Railroad News

Driver Injured at Notorious, Non-Gated BNSF Crossing

By January 19, 2014 No Comments

(New Iberia, Louisiana – January 16, 2014)

As if the unusual situation of having the railroad tracks run between the opposite directional lanes of West Washington Street in New Iberia, LA, was not enough, the failure to install crossing gates at the crossing of Corrine Street must certainly be considered a prime factor in Thursday’s accident that injured a driver when his vehicle was hit by one of the 14 trains, including those of three railroads, that pass that crossing daily.

Local resident Bernard Davis, 44, was southbound about 3:45 Thursday afternoon when he encountered the BNSF freight train and became the sixth injury to be suffered and seventh accident to occur at the highly unusual intersection, which does have flashing lights, but lacks crossing gates, a necessity in providing the most effective form of grade crossing protection. It is virtually certain that lights and gates would have prevented this incident. Both BNSF and Operation Lifesaver know lights and gates are the most effective type of protection at railroad crossings. Studies that have been conducted over fifty years ago confirm that lights can gates offer the ability to drastically reduce the number of vehicle/train accidents by as much as 96%.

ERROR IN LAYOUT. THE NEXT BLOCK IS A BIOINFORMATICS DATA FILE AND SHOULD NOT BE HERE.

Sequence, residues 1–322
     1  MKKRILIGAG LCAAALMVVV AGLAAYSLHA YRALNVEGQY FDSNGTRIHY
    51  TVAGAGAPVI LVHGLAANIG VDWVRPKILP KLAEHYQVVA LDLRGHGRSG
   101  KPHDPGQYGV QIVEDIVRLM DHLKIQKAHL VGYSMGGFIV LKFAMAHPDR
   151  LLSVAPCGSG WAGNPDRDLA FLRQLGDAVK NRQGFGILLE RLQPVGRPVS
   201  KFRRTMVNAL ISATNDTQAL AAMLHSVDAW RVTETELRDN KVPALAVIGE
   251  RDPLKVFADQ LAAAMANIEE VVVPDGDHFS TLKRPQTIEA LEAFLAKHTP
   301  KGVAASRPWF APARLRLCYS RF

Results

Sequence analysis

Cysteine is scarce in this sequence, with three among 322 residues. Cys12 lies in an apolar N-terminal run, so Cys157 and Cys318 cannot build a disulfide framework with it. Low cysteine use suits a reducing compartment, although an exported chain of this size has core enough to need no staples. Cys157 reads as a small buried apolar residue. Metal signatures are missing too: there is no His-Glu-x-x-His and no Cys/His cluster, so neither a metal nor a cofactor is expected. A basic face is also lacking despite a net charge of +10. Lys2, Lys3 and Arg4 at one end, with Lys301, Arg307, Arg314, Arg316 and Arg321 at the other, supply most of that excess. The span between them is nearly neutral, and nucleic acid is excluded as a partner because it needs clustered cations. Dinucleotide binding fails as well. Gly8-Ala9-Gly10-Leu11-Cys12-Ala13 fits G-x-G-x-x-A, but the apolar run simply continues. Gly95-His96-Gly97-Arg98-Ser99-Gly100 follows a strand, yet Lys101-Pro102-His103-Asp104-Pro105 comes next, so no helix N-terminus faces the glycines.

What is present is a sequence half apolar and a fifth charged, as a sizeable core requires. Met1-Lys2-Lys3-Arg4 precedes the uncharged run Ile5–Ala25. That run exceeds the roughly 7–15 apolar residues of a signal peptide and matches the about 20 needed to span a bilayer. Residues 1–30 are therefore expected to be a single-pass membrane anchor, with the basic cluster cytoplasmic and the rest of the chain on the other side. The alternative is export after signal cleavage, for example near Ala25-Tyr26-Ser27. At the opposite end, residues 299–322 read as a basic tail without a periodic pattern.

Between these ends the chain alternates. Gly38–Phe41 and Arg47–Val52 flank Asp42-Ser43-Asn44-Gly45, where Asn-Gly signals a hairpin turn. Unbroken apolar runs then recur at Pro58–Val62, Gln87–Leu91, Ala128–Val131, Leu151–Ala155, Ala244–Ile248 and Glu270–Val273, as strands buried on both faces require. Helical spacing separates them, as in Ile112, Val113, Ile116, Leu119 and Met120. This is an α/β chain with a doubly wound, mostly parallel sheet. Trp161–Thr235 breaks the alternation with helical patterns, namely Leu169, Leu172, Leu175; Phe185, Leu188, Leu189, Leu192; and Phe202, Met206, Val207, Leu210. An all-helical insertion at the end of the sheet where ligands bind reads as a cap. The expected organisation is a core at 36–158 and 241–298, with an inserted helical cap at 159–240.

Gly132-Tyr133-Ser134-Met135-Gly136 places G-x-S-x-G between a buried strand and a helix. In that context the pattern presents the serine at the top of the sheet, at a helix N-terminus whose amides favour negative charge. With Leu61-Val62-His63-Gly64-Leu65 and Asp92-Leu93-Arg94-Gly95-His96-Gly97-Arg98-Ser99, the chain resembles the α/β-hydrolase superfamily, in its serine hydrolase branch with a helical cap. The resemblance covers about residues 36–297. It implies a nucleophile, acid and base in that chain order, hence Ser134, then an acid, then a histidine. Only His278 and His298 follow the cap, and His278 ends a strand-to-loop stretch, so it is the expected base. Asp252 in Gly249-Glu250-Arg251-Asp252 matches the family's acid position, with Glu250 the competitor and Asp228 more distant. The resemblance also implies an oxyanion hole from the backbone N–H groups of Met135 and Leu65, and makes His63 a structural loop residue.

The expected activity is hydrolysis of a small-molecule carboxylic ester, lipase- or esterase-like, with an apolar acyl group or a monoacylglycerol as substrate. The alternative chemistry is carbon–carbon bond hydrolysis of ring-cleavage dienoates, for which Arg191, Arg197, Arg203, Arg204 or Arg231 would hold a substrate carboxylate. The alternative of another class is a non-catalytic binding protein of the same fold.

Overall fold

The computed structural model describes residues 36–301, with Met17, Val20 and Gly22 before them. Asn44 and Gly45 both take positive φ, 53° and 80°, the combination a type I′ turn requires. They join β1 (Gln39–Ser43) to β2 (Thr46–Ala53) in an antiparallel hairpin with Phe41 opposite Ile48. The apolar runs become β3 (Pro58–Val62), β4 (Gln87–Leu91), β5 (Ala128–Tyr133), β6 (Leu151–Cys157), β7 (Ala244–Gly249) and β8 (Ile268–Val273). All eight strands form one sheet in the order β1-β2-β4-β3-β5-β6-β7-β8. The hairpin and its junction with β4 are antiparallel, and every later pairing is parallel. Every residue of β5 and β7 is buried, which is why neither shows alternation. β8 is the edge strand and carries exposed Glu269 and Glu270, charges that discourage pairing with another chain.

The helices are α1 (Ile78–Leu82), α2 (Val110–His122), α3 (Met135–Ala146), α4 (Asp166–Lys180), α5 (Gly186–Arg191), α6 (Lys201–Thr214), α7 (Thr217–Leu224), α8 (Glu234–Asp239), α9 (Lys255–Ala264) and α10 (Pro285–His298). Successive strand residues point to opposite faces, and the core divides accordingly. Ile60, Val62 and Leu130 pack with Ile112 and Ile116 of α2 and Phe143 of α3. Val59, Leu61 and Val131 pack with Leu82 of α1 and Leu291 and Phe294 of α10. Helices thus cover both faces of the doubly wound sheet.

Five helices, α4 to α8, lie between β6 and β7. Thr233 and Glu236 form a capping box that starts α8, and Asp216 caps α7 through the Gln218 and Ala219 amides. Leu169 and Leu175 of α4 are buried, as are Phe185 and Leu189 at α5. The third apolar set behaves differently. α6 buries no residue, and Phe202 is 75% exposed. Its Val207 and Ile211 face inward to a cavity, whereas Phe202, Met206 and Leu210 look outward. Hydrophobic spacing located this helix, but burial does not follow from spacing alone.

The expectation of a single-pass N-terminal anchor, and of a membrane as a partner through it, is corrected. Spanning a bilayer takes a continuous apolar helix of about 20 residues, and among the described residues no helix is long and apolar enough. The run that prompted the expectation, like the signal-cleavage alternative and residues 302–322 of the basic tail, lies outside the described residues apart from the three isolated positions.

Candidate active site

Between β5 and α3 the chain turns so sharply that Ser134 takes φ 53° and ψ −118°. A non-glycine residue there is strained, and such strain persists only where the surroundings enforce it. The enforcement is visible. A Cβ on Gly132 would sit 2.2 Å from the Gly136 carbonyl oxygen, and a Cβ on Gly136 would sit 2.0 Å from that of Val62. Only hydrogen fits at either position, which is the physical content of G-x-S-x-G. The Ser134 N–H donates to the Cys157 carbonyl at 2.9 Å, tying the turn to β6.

The view of southbound drivers of the double-tracked rail line which became the property of BNSF as a concession of the Southern Pacific/Union Pacific merger in 1996, is blocked on both sides by a number of large structures near the tracks.

Besides BNSF and UPRR trains, Amtrak also operates a daily passenger train each way at top allowable speeds of 25 mph.

The victim was taken to a local hospital for treatment of undisclosed injuries according to Iberia Parish Sheriff’s deputies who investigated the accident.